Question: Is the Consumer Price Index (CPI) a cost-of-living index?
Answer: The CPI frequently is called a cost-of-living index, but it differs in important ways from a complete cost-of-living measure. The Bureau of Labor Statistics (BLS) has for some time used a cost-of-living framework in making practical decisions about questions that arise in constructing the CPI. A cost-of-living index is a conceptual measurement goal, however, not a straightforward alternative to the CPI.
A cost-of-living index would measure changes over time in the amount that consumers need to spend to reach a certain “utility level” or “standard of living.” Both the CPI and a cost-of-living index would reflect changes in the prices of goods and services, such as food and clothing, that are directly purchased in the marketplace; but a complete cost-of-living index would go beyond this to also take into account changes in other governmental or environmental factors that affect consumers’ well-being. It is very difficult to determine the proper treatment of public goods, such as safety and education, and other broad concerns, such as health, water quality, and crime that would comprise a complete cost-of-living framework.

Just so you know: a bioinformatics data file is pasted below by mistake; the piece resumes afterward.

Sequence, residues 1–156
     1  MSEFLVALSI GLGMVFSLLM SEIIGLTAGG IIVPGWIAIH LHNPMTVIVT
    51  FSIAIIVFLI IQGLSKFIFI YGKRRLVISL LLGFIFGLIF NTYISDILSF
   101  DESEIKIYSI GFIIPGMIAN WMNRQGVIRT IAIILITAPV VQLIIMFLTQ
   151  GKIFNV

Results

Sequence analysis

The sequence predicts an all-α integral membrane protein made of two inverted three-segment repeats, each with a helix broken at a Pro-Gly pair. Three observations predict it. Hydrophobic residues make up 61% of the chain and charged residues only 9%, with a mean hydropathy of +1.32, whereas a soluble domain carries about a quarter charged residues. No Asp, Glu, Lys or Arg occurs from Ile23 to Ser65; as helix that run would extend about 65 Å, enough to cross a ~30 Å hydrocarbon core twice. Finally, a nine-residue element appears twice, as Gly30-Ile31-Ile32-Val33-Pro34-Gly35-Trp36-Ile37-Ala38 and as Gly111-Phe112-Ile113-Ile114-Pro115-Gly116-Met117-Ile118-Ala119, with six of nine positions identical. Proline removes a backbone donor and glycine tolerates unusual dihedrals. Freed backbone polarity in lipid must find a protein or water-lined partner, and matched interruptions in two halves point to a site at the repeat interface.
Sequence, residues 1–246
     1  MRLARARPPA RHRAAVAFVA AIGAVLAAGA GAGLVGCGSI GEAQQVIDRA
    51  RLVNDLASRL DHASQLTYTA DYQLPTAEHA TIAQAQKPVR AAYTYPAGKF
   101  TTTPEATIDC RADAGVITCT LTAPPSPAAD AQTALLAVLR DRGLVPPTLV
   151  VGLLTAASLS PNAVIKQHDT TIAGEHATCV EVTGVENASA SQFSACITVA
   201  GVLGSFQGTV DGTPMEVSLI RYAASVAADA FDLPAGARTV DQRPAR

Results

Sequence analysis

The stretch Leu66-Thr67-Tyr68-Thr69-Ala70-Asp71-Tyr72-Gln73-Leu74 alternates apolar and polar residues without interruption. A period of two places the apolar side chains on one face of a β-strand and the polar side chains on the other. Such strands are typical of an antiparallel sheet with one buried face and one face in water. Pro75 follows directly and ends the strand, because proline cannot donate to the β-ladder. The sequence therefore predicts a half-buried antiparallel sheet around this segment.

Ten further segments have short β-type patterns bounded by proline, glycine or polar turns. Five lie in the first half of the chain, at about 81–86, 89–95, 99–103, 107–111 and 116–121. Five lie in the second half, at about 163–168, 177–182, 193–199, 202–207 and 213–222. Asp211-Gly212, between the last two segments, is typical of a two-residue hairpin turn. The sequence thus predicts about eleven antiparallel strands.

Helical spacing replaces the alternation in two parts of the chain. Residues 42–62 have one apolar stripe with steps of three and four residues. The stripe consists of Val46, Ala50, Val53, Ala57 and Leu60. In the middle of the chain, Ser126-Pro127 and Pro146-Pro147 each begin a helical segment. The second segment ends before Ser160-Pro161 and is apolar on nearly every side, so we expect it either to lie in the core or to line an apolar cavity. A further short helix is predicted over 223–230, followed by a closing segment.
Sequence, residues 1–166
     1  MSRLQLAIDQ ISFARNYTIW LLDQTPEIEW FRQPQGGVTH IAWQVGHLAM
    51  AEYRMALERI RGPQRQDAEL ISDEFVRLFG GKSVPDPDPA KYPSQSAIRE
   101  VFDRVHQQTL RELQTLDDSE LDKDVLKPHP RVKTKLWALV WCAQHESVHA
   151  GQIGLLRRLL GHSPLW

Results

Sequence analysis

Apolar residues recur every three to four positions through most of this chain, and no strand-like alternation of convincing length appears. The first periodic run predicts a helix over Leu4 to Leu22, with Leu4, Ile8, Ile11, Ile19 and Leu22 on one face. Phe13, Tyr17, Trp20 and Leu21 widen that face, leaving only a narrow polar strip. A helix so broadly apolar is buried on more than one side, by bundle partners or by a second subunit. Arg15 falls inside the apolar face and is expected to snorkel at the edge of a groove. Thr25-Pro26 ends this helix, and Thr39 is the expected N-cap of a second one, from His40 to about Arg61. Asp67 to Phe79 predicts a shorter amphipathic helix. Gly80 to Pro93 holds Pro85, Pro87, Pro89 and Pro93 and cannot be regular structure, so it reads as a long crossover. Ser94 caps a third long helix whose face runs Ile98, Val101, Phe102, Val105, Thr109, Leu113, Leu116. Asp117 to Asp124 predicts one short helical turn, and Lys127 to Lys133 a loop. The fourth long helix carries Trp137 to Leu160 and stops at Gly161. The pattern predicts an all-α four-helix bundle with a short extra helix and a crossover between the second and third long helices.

BLS: Consumer Price Index – Question and Answer
Two criticisms of the CPI-U are not discussed. One is the necessary limitations of the index: Despite its broad coverage of prices, the CPI-U does not track the cost of many factors that affect a person’s well-being – for example, crime, traffic, pollution, the prevalence of disease, the quality of education, and civil liberties. Cost-of-living measures rarely include such factors because few market prices or consumer expenditures are associated with them, making it essentially impossible to define and measure changes in their price or value.
A second criticism of the CPI-U is that, for technical reasons, the index may overstate changes in the cost of living. Such arguments of upward bias were stronger in the 1990s, before BLS instituted a number of technical improvements. Some analysts argue the opposite, that the CPI-U actually understates inflation. Those criticisms go beyond the scope of this brief.
CBO – Explaining the Consumer Price Index